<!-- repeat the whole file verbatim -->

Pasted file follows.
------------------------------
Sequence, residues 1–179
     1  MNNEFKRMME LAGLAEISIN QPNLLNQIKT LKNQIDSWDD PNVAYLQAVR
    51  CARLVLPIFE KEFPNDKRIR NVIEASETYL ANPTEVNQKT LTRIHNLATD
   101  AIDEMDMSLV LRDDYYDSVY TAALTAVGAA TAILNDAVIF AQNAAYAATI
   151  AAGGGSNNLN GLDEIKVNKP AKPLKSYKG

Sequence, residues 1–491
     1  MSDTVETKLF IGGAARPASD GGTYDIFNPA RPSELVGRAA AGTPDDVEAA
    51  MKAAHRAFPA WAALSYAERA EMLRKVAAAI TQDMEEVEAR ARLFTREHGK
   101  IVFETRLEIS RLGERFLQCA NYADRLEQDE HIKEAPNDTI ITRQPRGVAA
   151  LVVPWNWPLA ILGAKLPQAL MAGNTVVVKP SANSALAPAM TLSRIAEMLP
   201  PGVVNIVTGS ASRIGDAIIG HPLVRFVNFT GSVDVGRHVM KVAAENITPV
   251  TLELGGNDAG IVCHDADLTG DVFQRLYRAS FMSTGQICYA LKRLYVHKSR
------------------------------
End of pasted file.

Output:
Sequence, residues 1–179
     1  MNNEFKRMME LAGLAEISIN QPNLLNQIKT LKNQIDSWDD PNVAYLQAVR
    51  CARLVLPIFE KEFPNDKRIR NVIEASETYL ANPTEVNQKT LTRIHNLATD
   101  AIDEMDMSLV LRDDYYDSVY TAALTAVGAA TAILNDAVIF AQNAAYAATI
   151  AAGGGSNNLN GLDEIKVNKP AKPLKSYKG

Sequence, residues 1–491
     1  MSDTVETKLF IGGAARPASD GGTYDIFNPA RPSELVGRAA AGTPDDVEAA
    51  MKAAHRAFPA WAALSYAERA EMLRKVAAAI TQDMEEVEAR ARLFTREHGK
   101  IVFETRLEIS RLGERFLQCA NYADRLEQDE HIKEAPNDTI ITRQPRGVAA
   151  LVVPWNWPLA ILGAKLPQAL MAGNTVVVKP SANSALAPAM TLSRIAEMLP
   201  PGVVNIVTGS ASRIGDAIIG HPLVRFVNFT GSVDVGRHVM KVAAENITPV
   251  TLELGGNDAG IVCHDADLTG DVFQRLYRAS FMSTGQICYA LKRLYVHKSR